Baylor Chapel and False Teaching

9,856 Views | 280 Replies | Last: 4 mo ago by TexasScientist
Osodecentx
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BaylorFTW said:

Osodecentx said:

BaylorFTW said:

Osodecentx said:

Thanks for posting this. It sounds reasonable. Creative people just communicate in a different way (I'm not creative)

Does 'native Christian' mean native American (Indian)?

The bigger topic in my opinion is allowing speakers in Chapel that expose students to different ideas. It should be encouraged. So, I'd allow a pagan to speak, an atheist, even a Democrat. Who knows what light might be shed


Are you a practicing Christian? And if the school took your advice and allowed various other faiths and atheists to speak and this resulted in Christians losing their faith and salvation, how would you reconcile that as a good thing? I can see how that would advance the cause of other faiths, atheism and pluralism but how does that advance the cause of Jesus Christ? Where are examples in the bible where giving a platform to other faiths was viewed as a good idea or moral by God? It is one thing to learn about other religions as a means to defend Christianity against attack or to do so in an effort to help convert people to Christianity but to give them a platform is to suggest that Jesus isn't the way and that all faiths or non faith are as equally just as the gospel of Jesus Christ.
I guess my Christianity is robust enough to withstand another POV.

I recommend Evidence That Demands a Verdict by McDowell

Evidence That Demands a Verdict is an easy-to-read, front-line defense for Christians facing the tough questions of critics and skeptics. Using secular evidences and other historical sources, Josh McDowell's faith-building book is a "must read" for every Christian.
But tell me, would the school have allowed a Klansman, Christian Identity/British Israelism or Black Hebrew Israelite to be able to talk on campus or in Chapel? Because they would all claim they are Christians and wanting to disrupt the status quo as this speaker did. How is it decided which points of view get expressed and which ones are persona non grata?
I'd guess probably not. Obviously reasonable people of good conscience and intelligence (such as you & I) may disagree on who should be allowed to speak.
My line would be speakers who advocate hate, e.g. Klan, Black Hebrew Israelites.

The lady who spoke at Chapel (wasn't it Forum before?) didn't seem hateful. I'd let her speak.
Aliceinbubbleland
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Bearitto said:

LIB,MR BEARS said:

I expect Baylor to have speakers with differing political views, even controversial political views. I've no problem with that.

When it comes to Christianity however, there is a "framework" that should always be there. Can there be differing views on some things? Sure. But, in the words of Alistair Begg, " the plain things are the main things and the main things are the plain things." When we start adding to or taking away from that while teaching, we are misleading others and are creating false gods.

BU needs to be very careful that they choose speakers that have the ability to stay true to the faith while presenting a variety of political views.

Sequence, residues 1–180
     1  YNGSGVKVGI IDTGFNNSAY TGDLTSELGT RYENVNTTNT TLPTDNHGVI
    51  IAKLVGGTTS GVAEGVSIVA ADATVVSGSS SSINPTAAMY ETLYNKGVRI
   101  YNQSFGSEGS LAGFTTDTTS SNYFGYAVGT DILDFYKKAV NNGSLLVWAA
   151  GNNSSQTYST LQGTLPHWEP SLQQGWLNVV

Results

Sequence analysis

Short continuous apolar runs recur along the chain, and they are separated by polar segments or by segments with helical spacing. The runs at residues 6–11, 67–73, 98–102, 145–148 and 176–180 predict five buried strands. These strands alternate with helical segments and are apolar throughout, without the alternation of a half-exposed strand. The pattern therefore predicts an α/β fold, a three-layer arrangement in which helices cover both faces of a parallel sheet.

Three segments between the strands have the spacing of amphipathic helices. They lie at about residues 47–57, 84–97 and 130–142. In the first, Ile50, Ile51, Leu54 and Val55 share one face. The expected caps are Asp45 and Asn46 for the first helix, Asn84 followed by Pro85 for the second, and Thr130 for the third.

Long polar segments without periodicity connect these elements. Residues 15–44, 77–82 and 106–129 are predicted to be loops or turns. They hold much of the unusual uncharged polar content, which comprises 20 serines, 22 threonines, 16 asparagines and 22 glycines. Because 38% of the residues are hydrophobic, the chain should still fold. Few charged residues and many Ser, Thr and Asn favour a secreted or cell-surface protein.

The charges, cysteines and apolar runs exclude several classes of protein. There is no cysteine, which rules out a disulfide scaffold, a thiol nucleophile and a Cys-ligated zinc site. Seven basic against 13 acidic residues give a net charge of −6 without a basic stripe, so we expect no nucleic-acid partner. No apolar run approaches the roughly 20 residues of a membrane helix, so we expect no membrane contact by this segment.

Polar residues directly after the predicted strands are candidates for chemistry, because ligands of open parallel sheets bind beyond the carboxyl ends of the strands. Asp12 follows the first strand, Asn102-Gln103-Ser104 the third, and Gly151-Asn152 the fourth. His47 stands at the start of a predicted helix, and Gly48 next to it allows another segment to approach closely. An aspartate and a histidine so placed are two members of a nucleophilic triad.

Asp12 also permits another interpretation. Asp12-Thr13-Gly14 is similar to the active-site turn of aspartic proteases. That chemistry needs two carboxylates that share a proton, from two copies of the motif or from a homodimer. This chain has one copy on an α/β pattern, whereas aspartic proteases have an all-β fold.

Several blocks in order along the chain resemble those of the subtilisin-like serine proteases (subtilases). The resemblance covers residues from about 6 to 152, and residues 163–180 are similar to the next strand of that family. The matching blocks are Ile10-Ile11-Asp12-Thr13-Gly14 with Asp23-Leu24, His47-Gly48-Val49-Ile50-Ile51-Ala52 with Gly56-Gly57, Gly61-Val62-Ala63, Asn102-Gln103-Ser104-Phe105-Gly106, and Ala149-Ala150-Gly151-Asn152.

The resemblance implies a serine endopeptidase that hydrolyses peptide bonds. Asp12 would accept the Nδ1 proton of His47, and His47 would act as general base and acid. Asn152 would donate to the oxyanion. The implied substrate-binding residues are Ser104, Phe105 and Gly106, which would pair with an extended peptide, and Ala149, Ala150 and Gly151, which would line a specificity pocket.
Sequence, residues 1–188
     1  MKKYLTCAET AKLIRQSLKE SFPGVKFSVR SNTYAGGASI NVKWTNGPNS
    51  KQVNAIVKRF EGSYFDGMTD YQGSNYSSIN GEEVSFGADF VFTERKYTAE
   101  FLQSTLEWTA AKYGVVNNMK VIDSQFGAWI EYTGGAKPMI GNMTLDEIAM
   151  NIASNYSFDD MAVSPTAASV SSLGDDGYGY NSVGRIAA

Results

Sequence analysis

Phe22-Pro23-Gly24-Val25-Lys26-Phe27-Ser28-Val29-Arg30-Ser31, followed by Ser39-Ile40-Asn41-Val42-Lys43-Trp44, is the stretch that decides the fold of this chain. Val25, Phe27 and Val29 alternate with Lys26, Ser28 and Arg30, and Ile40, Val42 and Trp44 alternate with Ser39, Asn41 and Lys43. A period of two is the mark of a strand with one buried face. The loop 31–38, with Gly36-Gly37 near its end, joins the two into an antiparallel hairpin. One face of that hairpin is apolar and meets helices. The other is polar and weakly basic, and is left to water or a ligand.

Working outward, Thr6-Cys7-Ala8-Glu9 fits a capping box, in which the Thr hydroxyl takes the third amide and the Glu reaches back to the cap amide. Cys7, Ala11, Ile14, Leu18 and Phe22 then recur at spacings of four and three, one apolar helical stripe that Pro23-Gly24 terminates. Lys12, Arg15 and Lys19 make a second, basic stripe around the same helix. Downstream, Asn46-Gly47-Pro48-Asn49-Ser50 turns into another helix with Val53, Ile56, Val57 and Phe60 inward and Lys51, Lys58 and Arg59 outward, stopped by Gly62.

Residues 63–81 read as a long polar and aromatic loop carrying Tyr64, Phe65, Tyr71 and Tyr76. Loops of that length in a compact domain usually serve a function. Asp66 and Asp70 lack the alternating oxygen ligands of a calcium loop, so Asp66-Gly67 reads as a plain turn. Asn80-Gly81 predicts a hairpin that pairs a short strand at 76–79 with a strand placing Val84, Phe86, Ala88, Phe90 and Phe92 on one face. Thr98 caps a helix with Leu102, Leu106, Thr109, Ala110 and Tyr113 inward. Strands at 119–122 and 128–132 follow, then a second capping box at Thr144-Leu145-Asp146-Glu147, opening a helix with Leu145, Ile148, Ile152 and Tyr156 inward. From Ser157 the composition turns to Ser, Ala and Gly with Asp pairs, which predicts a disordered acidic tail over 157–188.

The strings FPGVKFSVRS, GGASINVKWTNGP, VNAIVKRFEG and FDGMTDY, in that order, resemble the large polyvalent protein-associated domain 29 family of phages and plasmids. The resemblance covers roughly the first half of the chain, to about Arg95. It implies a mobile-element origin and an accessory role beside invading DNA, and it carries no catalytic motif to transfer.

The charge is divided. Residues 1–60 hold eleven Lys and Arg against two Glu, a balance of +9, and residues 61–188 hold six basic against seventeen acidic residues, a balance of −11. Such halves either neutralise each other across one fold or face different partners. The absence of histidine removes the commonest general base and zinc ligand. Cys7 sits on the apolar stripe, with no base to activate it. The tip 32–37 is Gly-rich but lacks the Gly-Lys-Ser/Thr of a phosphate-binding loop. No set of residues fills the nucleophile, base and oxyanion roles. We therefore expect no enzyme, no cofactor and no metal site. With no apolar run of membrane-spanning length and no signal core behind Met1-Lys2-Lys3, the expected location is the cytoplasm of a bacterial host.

The problem is, it's virtually impossible to be a Christian and a leftist. You can't worship God and government simultaneously.
What a stupid statement. But then I'd expect nothing better from a religious bigot.
BaylorFTW
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Osodecentx said:

I'd guess probably not. Obviously reasonable people of good conscience and intelligence (such as you & I) may disagree on who should be allowed to speak.
My line would be speakers who advocate hate, e.g. Klan, Black Hebrew Israelites.

The lady who spoke at Chapel (wasn't it Forum before?) didn't seem hateful. I'd let her speak.
I would say she is hateful towards white males, conservatives, past Americans, nationalists, etc. The only real differences that I see are that she is a woman whereas the other groups usually have men as their spokesmen. In addition and maybe more relevant is her beliefs are in keeping with the accepted liberal/leftists beliefs of the times and the other groups are not. Those other groups would all claim they are oppressed just like her and have the truth.

BaylorFTW
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Aliceinbubbleland said:

Bearitto said:

LIB,MR BEARS said:

I expect Baylor to have speakers with differing political views, even controversial political views. I've no problem with that.

When it comes to Christianity however, there is a "framework" that should always be there. Can there be differing views on some things? Sure. But, in the words of Alistair Begg, " the plain things are the main things and the main things are the plain things." When we start adding to or taking away from that while teaching, we are misleading others and are creating false gods.

BU needs to be very careful that they choose speakers that have the ability to stay true to the faith while presenting a variety of political views.


The problem is, it's virtually impossible to be a Christian and a leftist. You can't worship God and government simultaneously.
What a stupid statement. But then I'd expect nothing better from a religious bigot.
Are you a practicing Christian?
Osodecentx
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BaylorFTW said:

Osodecentx said:

I'd guess probably not. Obviously reasonable people of good conscience and intelligence (such as you & I) may disagree on who should be allowed to speak.
My line would be speakers who advocate hate, e.g. Klan, Black Hebrew Israelites.

The lady who spoke at Chapel (wasn't it Forum before?) didn't seem hateful. I'd let her speak.